Journalist Robert D. Kaplan thinks that what is wrong with the Middle East is a lack of imperialism, and he urges that it be brought back. It is how, he says, most of the world has been ruled by “default.” This argument is so ahistorical and wrong-headed that it takes the breath away.
First of all, “imperialism” is an imprecise term. Kaplan is trying to sweep up different kinds of empire under one rubric. Until the early twentieth century, most people in the Middle East admittedly accepted the Ottoman Empire, which was Muslim-ruled and made minimal economic demands on them while offering minimal governance. But it was precisely at that point when the Ottomans began building railroads to deliver garrisons to the provinces and introducing modern, more intrusive bureaucracy that they began facing opposition from local elites like the Hashemite rulers of Mecca in the Hejaz. The rise of nationalism was also fatal to empire, whether Ottoman or any other sort.
Capitalist economic imperialism of the European sort is a new phenomenon in world history, and proved far less welcome in the Middle East than the decentralized Ottoman methods of governance. The European empires in Asia and Africa were not into it for their subjects’ health. Historians estimate that in the early nineteenth century, the colonized territories provided 15 percent of the metropole’s income, a margin that may well have helped technological and economic advances in Europe. In the late nineteenth and early twentieth century, East Indies (Indonesian) rubber and petroleum provided as much as 25 percent of the Netherlands’ gross national product. That is to say, the Dutch stole billions of dollars from the Indonesians. European imperialism was brutal. European overlords worked plantation laborers to death. Since the foreigners were not liked, it was necessary occasionally to massacre the locals. The German army practiced with machine guns on primitively armed Namibian tribes as a prelude to the slaughter of World War I in Europe itself. Imperial archivists usually destroyed the documents that witnessed the viciousness and genocidal character of European economic imperialism.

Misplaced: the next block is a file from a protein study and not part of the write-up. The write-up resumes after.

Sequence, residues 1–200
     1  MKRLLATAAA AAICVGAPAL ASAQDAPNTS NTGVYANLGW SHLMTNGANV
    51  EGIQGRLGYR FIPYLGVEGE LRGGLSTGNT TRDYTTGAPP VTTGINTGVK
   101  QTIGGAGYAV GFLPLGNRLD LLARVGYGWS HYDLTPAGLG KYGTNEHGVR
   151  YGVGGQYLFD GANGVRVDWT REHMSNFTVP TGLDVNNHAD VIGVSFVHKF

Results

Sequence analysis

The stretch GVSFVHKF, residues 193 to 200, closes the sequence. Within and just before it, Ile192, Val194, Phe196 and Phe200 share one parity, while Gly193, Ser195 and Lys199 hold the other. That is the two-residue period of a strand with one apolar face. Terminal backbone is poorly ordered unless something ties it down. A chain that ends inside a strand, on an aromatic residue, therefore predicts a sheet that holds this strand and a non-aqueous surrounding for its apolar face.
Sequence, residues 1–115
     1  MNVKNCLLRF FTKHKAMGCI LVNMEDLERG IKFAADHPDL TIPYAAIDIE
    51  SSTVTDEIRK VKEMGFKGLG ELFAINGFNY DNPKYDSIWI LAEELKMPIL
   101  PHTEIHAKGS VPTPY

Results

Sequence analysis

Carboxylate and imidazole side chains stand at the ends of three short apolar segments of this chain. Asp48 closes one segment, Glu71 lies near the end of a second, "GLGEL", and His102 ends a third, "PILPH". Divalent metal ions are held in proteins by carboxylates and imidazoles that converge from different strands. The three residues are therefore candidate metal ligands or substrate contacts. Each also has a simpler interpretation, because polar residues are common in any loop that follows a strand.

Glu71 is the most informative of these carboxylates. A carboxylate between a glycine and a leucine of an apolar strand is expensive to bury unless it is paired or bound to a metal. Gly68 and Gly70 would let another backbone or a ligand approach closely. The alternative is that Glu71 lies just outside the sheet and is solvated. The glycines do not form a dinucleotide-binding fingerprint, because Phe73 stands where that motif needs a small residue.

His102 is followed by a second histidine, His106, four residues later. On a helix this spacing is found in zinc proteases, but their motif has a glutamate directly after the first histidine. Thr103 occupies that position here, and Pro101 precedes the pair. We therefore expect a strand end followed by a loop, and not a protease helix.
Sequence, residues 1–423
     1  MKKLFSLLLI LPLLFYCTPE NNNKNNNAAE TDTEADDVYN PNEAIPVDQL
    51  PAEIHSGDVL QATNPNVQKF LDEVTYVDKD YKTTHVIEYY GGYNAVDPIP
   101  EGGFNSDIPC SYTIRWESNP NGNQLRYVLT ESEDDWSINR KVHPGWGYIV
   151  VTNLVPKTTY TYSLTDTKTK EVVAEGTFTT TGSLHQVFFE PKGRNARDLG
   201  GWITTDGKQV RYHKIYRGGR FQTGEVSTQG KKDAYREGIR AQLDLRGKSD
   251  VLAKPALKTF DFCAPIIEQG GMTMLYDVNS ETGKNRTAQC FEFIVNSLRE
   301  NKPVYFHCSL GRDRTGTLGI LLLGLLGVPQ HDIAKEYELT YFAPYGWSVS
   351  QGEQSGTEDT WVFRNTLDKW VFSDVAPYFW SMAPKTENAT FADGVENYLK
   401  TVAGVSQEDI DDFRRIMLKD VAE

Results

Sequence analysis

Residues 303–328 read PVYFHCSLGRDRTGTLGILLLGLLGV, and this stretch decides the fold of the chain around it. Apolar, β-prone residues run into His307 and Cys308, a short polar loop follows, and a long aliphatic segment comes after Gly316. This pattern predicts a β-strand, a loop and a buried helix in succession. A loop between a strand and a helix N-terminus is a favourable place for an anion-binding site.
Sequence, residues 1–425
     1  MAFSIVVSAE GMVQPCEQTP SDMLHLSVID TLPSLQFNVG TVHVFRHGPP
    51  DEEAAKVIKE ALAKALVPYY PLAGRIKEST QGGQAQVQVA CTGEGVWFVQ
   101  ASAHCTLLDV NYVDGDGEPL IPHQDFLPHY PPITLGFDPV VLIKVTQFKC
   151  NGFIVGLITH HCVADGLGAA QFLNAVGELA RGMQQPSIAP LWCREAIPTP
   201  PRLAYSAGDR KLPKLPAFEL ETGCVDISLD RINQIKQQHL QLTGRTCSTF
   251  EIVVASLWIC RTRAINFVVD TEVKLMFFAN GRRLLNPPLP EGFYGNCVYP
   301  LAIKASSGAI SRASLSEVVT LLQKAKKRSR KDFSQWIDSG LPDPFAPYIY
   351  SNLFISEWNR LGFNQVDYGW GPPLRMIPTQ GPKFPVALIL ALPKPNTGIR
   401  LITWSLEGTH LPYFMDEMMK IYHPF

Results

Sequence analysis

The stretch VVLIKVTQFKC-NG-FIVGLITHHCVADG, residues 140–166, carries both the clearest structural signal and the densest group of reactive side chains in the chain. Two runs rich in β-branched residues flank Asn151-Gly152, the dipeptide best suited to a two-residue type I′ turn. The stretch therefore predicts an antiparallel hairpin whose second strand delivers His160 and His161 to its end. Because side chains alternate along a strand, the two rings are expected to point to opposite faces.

The Middle East east of the Suez was not ruled by European capitalist imperialism for any substantial length of time, and locals kicked the imperialists out after World War II where they had not already done so before. Britain only had Iraq from 1917 until 1932; it never really controlled the country, which mounted constant uprisings that the British Royal Air Force was tasked with putting down by aerial bombardment. Bombing raids could temporarily scatter pastoral nomads or even villagers, but it could not make them submit. Sir Arthur “Bomber” Harris planned these raids; he was later involved in the firebombing of Germany during World War II. British air force officers were afraid in the 1920s that the British public would find out how Iraq was actually being dominated, and that there would be a wave of revulsion. By 1932 the British were happy enough to let Iraq go, only a decade and a half after they used British Indian troops to take it from the Ottomans. The Italians in Libya and the French in Syria lasted a bit longer, but they demonstrated the same ruthlessness and lack of interest in developing the local population. European colonialism in Egypt, Syria, and Iraq left behind almost no schools or factories.
The idea that the European armies that marched into the region offered order is laughable. They provoked revolt after revolt. They are dates local nationalists still take pride in. There was 1918–20 in Egypt, which forced the British out in 1922. There was 1920 in Iraq, which made London give up any idea of trying to run that country directly, as it did India. There was 1936–39 in Palestine and Syria. The French had to relinquish Syria and Lebanon, having, ironically enough, been weakened by being themselves colonized by Germany.
There are four big reasons for which European economic imperialism largely died after World War II, and for which it is not coming back. First, the Nazis and imperial Japan gave invading and running other countries rather a bad name. After the war, when the Netherlands attempted to reinstate its imperialism in Indonesia, the Indonesians asked them why it was so terrible for Germany to take over the Netherlands but it was all right for The Hague to dominate Indonesia. It was an irrefutable argument.